Supposedly Mark Twain once said, “I’d never wish a man dead. But I’ve read some obituaries with great pleasure.”
That’s pretty much how I feel right now about the death of Osama Bin Laden. I normally don’t believe that two wrongs make a right, or that revenge is productive. That he is no longer living certainly does not bring back the people who died because of him, doesn’t undo the pain that so many have endured,the lives lost my troops overseas,or the decade of fear and uncertainty that we have lived with. Because of that, I’m not exactly willing to say that justice was served; this doesn’t necessarily fix or undo anything. It even makes me wonder if we could be entering into a more violent era as a result. But what it does bring, in a sense, is closure. We finished something that we set out to do several years ago. It helps us as Americans feel like we’ve done something right, which is especially important after a decade of a lot of huge mistakes. In a time of so much partisan bickering and every day folks feeling discouraged by the direction of our nation, it gives us something to collectively be proud of. And I think that’s really important.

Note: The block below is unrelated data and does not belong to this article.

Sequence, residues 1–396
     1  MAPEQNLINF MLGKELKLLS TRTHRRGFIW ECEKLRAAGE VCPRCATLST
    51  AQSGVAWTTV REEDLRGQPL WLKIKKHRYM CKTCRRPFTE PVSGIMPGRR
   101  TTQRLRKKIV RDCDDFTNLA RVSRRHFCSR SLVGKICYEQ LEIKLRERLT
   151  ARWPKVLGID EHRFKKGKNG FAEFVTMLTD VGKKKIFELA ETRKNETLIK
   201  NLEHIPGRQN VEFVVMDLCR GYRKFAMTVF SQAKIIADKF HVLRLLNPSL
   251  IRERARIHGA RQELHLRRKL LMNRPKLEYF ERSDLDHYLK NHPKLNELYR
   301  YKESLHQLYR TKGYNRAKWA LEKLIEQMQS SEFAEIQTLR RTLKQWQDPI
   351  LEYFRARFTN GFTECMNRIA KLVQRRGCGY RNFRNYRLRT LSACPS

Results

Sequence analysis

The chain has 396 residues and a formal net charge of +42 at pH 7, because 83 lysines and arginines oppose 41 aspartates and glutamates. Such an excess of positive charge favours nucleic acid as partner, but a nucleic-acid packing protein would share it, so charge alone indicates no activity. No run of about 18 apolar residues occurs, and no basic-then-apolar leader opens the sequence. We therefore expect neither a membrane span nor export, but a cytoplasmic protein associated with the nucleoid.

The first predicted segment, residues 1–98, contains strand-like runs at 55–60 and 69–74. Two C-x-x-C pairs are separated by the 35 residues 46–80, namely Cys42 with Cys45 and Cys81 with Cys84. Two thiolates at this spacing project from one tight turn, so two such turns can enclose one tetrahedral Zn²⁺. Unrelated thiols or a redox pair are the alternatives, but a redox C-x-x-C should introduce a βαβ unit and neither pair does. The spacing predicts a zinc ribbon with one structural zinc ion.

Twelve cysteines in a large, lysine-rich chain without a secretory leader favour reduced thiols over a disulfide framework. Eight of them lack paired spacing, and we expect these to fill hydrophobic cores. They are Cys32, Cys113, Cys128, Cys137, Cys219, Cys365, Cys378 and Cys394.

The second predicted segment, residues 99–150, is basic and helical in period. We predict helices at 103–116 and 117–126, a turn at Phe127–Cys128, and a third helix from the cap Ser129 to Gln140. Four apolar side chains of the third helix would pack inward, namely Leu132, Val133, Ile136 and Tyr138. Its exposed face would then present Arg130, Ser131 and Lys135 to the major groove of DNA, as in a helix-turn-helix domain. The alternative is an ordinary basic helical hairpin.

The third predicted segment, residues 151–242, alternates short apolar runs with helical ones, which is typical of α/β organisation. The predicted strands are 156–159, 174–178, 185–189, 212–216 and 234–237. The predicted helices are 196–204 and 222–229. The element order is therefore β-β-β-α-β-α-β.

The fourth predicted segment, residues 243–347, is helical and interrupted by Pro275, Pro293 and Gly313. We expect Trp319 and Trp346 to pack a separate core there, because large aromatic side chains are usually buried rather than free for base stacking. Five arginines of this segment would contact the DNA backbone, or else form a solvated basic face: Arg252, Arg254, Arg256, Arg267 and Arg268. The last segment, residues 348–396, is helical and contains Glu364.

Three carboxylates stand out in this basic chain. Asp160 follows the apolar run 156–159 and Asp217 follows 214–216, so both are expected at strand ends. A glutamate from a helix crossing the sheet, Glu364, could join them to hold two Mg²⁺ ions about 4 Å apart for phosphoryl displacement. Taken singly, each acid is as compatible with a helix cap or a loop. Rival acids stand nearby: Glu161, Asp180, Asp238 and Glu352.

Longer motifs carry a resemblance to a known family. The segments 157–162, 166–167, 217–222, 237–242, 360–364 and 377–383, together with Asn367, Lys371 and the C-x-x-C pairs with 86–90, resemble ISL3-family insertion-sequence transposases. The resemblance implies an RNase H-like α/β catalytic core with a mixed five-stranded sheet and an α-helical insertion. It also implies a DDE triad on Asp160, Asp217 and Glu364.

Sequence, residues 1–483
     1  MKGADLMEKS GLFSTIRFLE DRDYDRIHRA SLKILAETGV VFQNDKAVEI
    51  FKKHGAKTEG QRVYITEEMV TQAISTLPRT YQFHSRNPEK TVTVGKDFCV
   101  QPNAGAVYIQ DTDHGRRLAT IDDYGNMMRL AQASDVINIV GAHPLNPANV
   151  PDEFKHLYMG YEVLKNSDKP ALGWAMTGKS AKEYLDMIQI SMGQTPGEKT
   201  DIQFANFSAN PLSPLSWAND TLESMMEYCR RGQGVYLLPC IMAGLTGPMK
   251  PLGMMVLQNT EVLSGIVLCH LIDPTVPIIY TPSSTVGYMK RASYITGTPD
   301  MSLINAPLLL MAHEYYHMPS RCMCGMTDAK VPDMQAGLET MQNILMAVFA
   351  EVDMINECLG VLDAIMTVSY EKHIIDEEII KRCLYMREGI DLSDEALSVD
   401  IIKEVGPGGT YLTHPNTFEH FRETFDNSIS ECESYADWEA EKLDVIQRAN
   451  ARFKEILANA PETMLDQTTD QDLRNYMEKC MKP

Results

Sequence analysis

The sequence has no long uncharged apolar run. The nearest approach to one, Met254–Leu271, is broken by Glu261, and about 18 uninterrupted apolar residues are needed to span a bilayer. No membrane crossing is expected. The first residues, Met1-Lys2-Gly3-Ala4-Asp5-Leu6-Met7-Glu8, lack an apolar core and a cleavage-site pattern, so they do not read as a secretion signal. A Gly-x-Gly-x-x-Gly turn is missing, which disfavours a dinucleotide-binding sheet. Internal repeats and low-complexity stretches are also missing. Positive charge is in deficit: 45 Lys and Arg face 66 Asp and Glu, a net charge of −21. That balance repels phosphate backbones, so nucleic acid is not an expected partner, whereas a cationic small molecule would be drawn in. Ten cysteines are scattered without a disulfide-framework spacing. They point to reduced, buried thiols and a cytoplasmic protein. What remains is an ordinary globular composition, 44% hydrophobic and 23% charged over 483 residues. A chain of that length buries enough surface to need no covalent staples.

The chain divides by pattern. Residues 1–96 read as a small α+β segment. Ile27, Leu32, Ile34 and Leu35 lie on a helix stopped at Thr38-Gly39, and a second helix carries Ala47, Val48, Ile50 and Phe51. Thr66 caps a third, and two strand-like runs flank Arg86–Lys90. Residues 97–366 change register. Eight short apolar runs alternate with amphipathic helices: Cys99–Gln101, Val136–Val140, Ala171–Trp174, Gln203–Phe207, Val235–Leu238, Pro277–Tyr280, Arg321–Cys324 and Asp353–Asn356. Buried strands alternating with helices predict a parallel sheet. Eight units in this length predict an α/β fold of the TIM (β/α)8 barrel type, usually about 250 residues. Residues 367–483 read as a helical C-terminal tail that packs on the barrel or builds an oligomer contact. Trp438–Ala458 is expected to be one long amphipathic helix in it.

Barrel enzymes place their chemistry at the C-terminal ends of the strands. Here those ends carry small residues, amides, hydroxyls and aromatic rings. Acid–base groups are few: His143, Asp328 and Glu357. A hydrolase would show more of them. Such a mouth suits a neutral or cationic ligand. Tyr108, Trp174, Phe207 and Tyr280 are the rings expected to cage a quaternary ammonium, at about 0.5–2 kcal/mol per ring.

But also, he was a really, really bad person. While I know that that alone is not enough to justify the death of a person, I think that the way that it all went down makes it somehow justifiable. I think it is significant that it was a special ops mission, that he and his men were armed and they engaged in gunfire, and that he was killed by a bullet to the head, and not a drone missile attack. He died armed and in combat. I can’t imagine a more heroic (also, badass!) way for it to all play out.
So does this mean that the world is now safer from the threat of terrorism? Probably not. Should we be more afraid? Probably not. In fact, maybe there will be very little tangible change as a result of this. But maybe that less obvious change, that “hopey changey stuff” of Obama’s ’08 campaign, will start to surface. Maybe people will just feel more optimistic and more unified.
That’s good enough for me.
Consider this: as news broke around 11 pm Eastern time, that meant that someone at the New York Times, Washington Post, and other east coast newspapers literally got to shout, “Stop the presses!”